Nearly 1,700 Companies Withdraw from North Carolina Events in Response to HB2

Standing for Inclusion, B Corps Relocate Series of October Events


Through the power of unity, advocacy and storytelling, Yulu had a small hand in the fight to repeal the HB2 “bathroom bill” in North Carolina in April 2016. The bill limits anti-discrimination protections for the LGBTQ community and forces transgender individuals to use bathrooms that do not correspond with their gender identities. The conversation that took shape after was a strong affirmation for us that doing good is good business, and not being on this wagon poses severe penalties.


The Challenge

When North Carolina introduced House Bill 2, which would force transgender citizens to use the bathroom listed on their birth certificate as well as remove the rights of all citizens to file anti-discrimination lawsuits with the State based on race; religion; color; nationality; age; sex; or handicap, the business community responded by moving conferences and events out of the state.

We received an email from B Lab asking its membership (1,700 global B Corps) whether the organization should also relocate its annual Champions Retreat to another state in protest. Yulu saw an opportunity for B Lab to influence change among businesses by speaking openly with the press on why the organization came to the decision to relocate.

Strategy & Execution

Yulu helped B Lab craft an official statement on why its membership elected to remove the Champions retreat out of North Carolina. Yulu incorporated the feedback of the more than 300 email respondents into its statement, which included self-identified members of the LGBTQ community.

The organization’s rationale: HB2 was contrary to B Lab’s core values of inclusion and creating a shared and durable prosperity for all. It also compromised the safety and comfort of parts of members who would have to travel to a state where they might feel unwelcome or threatened. Finally, B Lab had a responsibility to demonstrate that the government’s actions had consequences, while engaging with its North Carolinian membership on the best ways to effect change from within.

“Yulu demonstrated the critical thinking, energy and adaptability necessary to keep B Corporation’s story relevant with the highly controversial and important political conversation around North Carolina’s “bathroom bill.” With limited resources, little advance notice, and during a time where the news and story was changing by the day, Yulu took our story and targeted top international outlets, exercising smart judgment in short order again and again. They are an intelligent team of storytellers who understand how to use PR as a force for good.”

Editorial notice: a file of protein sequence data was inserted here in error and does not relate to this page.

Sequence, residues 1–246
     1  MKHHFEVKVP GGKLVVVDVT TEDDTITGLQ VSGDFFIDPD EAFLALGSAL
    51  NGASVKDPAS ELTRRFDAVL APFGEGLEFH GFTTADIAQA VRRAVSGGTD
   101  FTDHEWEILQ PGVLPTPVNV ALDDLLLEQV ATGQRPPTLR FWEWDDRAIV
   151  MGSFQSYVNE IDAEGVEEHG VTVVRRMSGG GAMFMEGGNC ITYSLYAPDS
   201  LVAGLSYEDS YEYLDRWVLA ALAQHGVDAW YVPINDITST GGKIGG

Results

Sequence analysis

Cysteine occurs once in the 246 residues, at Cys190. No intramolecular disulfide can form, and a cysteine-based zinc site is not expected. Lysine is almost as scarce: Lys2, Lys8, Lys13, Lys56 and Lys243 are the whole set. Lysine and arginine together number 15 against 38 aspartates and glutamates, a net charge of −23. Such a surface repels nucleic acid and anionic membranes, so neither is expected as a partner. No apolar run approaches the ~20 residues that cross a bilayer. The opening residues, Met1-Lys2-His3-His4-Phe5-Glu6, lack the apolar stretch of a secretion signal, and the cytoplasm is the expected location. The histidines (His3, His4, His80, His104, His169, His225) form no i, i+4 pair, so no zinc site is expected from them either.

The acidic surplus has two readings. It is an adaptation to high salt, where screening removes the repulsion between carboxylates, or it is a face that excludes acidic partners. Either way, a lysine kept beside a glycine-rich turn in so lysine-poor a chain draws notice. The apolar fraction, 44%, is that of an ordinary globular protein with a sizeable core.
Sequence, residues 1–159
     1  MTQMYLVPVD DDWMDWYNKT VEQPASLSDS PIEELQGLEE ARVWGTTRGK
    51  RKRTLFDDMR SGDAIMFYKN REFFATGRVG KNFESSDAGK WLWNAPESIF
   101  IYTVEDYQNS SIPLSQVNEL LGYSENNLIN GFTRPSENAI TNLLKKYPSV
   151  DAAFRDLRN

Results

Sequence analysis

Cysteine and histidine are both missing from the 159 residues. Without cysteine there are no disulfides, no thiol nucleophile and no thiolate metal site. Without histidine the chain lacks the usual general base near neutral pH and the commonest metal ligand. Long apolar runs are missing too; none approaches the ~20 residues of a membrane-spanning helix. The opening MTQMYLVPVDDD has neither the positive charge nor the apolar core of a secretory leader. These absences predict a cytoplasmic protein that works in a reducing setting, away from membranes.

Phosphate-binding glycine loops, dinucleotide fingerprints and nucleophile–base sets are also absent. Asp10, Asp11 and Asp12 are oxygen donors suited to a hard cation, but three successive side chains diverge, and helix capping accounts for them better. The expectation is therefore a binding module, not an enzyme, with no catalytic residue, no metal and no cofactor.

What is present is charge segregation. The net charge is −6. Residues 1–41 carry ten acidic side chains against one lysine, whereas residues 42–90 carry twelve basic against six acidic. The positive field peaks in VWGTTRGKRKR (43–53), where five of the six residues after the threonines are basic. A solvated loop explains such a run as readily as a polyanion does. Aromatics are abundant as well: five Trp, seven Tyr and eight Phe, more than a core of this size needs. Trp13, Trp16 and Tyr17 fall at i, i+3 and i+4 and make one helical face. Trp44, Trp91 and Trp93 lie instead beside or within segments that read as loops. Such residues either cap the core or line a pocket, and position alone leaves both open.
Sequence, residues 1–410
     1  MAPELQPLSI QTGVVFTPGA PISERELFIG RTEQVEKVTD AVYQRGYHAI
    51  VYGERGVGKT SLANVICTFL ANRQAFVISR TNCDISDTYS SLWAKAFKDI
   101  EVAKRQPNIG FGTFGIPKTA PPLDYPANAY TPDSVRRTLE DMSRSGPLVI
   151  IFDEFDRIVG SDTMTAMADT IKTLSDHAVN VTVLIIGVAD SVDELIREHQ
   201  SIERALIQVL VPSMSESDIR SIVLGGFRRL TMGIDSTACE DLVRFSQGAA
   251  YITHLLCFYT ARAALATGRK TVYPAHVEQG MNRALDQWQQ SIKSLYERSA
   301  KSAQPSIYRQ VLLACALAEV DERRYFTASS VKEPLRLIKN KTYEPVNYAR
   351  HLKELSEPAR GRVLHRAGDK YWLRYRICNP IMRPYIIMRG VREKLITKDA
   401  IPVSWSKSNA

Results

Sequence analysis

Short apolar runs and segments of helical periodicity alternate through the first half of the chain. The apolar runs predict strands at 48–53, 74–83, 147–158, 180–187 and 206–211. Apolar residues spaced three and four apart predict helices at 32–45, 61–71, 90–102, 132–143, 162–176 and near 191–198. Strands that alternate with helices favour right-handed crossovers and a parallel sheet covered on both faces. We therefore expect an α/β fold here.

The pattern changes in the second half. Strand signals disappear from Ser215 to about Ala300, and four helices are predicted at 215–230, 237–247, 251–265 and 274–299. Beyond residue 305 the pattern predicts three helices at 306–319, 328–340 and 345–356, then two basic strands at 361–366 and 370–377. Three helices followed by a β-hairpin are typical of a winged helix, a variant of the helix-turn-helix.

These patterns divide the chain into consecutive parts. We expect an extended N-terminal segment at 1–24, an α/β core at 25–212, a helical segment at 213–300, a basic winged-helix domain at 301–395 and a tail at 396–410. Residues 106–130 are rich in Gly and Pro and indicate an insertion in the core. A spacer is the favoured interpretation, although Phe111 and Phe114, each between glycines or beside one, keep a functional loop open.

Jay Coen Gilbert, B Lab Co-Founder

Results & Impact

B Lab voiced its opinion on the importance of trans rights alongside several high-profile companies, artists and progressive states who either stood up around the same time or followed suit.

In response to B Lab’s statement, Fortune, Buzzfeed, Mashable, The Atlantic and Associated Press picked up the story, among many others. HB2 was repealed in March 2017, after the state took an economic hit due to businesses and revenue-generating conferences taking their business elsewhere. The list of lost opportunities included being a host city to the NCAA basketball championships, concerts by Bruce Springsteen and Bryan Adams, and an opportunity to house the new PayPal headquarters, among others.

There’s still work to do, though, as the replacement bill passed in the spring of 2017 leaves bathroom regulation in the hands of the state and prevents local governments from passing their own non-discrimination ordinances. B Lab continues to work with its members in North Carolina toward a solution, and groups such as the Human Rights Campaign and Equality NC are steadfast in their fight for greater LGBTQ equality in the state.

North Carolina continues to feel the fallout of the controversial bill, which is projected to cost billions in lost revenue over the next ten years if the government doesn’t bow to pressure.